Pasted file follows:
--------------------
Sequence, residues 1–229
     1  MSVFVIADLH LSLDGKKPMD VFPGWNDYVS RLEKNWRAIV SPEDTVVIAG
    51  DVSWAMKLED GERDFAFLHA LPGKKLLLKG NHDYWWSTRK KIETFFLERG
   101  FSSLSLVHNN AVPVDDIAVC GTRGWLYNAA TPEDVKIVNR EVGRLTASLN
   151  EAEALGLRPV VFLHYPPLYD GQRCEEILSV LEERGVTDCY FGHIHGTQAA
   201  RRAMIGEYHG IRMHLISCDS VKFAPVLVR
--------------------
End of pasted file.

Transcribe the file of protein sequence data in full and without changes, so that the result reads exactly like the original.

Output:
Sequence, residues 1–229
     1  MSVFVIADLH LSLDGKKPMD VFPGWNDYVS RLEKNWRAIV SPEDTVVIAG
    51  DVSWAMKLED GERDFAFLHA LPGKKLLLKG NHDYWWSTRK KIETFFLERG
   101  FSSLSLVHNN AVPVDDIAVC GTRGWLYNAA TPEDVKIVNR EVGRLTASLN
   151  EAEALGLRPV VFLHYPPLYD GQRCEEILSV LEERGVTDCY FGHIHGTQAA
   201  RRAMIGEYHG IRMHLISCDS VKFAPVLVR